2009 in the European Union
Jump to navigation Jump to search
|Years in the European Union:||2006 2007 2008 2009 2010 2011 2012|
|Centuries:||20th century · 21st century · 22nd century|
|Decades:||1970s 1980s 1990s 2000s 2010s 2020s 2030s|
|Years:||2006 2007 2008 2009 2010 2011 2012|
Events from the year 2009 in the European Union.
- President of the European Council
- Commission President -
- Council Presidency - Czech Republic (Jan – Jun 2009) and Sweden (July – Dec 2009)
- January 1 - Czech Republic assumes the Presidency for the first time.
- January 1 - Slovakia adopts the euro and becomes the 16th member of the Eurozone.
- January 1 - Deadline by which goods in all member states of the European Union must be sold in metric units (this has already been completed everywhere, except in the United Kingdom). Road signs in the UK are unaffected (road signs in all other member states are already in metric units).
- May 7 - Inauguration of the Eastern Partnership in Prague.
- June 4–7 - The 2009 European Parliament election takes place, the exact date varying depending on country. European People's Party form the largest group.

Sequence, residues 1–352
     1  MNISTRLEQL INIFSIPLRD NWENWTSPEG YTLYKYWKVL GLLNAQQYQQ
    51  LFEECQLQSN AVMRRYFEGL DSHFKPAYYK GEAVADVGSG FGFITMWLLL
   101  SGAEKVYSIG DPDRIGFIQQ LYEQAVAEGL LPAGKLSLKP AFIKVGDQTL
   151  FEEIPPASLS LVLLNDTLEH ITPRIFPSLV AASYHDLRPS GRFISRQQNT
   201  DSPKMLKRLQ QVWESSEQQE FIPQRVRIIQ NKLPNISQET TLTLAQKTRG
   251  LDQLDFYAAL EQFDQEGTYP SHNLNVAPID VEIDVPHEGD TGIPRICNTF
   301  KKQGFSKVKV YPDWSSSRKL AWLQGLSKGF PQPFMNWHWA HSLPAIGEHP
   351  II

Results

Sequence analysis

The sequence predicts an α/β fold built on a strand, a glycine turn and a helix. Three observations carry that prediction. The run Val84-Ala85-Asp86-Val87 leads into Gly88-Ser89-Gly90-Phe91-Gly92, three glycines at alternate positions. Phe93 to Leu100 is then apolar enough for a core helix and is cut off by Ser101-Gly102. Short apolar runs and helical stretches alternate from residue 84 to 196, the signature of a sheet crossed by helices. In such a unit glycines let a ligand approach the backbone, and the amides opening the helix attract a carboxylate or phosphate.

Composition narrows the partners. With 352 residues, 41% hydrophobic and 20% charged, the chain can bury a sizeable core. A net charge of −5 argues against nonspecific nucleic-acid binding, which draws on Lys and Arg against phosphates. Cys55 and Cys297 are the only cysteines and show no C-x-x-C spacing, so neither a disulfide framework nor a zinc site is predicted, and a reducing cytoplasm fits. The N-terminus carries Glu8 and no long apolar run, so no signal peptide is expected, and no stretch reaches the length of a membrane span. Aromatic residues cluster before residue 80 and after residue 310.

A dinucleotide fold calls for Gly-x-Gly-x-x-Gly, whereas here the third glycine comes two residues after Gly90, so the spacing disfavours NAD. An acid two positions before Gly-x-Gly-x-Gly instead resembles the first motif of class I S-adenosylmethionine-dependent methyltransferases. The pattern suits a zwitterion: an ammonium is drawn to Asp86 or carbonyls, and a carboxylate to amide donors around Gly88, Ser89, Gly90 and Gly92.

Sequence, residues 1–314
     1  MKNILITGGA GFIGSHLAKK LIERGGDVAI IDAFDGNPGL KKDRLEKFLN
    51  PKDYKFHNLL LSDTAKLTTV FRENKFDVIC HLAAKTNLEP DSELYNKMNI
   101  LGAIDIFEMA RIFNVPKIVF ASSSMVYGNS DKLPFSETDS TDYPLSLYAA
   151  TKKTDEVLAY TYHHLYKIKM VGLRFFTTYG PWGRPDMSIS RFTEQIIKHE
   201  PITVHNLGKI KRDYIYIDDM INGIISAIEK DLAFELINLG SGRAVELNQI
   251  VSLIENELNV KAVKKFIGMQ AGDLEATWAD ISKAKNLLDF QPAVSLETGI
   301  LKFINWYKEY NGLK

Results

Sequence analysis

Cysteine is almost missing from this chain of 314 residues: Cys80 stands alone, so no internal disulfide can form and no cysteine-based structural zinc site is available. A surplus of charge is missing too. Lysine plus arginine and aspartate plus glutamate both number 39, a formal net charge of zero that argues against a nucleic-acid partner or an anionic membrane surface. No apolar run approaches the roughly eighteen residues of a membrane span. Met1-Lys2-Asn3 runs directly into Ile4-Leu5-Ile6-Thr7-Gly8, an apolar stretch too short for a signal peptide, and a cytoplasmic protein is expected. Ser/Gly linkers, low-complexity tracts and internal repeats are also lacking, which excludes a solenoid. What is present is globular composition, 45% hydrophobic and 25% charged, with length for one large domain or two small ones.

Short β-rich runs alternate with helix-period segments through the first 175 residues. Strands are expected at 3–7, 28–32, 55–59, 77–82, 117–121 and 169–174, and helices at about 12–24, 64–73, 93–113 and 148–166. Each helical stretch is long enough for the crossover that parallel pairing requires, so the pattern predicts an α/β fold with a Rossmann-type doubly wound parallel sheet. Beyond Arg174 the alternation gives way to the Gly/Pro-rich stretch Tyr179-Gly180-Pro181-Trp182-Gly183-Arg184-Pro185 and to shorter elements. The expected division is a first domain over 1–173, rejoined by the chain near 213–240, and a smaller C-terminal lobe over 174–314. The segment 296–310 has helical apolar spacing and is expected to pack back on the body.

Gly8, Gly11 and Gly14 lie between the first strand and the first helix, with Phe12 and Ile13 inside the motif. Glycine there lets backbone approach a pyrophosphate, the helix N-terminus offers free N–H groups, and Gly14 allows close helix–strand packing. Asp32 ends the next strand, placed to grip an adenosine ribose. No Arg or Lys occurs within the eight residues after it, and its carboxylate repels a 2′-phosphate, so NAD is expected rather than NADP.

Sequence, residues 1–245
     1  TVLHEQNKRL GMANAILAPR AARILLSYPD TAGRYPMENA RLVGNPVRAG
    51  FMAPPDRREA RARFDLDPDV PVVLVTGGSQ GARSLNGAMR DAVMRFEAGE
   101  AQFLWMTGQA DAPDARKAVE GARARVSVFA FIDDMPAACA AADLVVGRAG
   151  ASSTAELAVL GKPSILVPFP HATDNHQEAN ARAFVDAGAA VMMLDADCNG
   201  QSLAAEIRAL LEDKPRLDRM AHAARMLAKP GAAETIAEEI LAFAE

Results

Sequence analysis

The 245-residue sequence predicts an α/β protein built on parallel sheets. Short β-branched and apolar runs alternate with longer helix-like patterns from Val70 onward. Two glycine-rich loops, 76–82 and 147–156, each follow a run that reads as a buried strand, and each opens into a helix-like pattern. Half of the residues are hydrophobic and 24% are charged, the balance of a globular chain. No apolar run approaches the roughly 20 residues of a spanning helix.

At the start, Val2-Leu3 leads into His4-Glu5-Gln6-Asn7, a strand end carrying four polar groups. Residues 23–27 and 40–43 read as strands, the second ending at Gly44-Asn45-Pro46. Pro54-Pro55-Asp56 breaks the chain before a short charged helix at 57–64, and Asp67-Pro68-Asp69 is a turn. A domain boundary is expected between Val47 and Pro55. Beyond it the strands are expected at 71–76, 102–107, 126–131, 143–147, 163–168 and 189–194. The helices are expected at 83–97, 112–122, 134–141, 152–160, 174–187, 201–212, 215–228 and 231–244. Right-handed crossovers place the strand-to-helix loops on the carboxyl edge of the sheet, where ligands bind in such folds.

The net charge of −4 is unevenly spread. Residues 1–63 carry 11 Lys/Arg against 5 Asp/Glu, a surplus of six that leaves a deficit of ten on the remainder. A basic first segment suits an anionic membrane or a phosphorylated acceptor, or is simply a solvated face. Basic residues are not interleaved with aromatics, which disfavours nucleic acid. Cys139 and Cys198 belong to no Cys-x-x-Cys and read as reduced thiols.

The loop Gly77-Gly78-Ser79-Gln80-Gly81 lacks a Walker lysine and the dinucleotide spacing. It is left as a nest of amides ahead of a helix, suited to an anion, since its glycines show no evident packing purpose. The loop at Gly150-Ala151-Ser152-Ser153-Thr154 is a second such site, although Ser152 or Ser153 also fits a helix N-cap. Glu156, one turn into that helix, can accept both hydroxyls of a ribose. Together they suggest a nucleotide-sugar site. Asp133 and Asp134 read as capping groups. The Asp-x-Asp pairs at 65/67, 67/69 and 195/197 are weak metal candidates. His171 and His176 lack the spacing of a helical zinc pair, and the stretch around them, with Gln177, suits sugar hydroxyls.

- June 7 - A referendum on changing the Act of Succession is held in Denmark.
- September 16 - President Barroso confirmed for second term by Parliament (382 to 219 with 117 abstaining)
- September 17 - Extraordinary European Council meeting in Brussels to prepare for G20 meeting.
- October 2 - The electorate of Ireland votes to ratify the Treaty of Lisbon.
- October 4 - Parliamentary elections in Greece.
- October 29–30 - European Council meeting in Brussels.
- November 22 - Presidential elections in Romania.
- December 1 - The Treaty of Lisbon comes into force.
- December 6 - Presidential elections run-off round in Romania
- "Slovakia becomes eurozone member". News article. BBC News. 2009-01-01. p. 2. Archived from the original on 14 January 2009. Retrieved 2009-01-25.
- "Slovakia becomes 16th eurozone member". Archived from the original on 2009-01-01. Retrieved 2009-01-08.
- "The Swedish EU Presidency". Swedish Government. Retrieved 2009-01-28.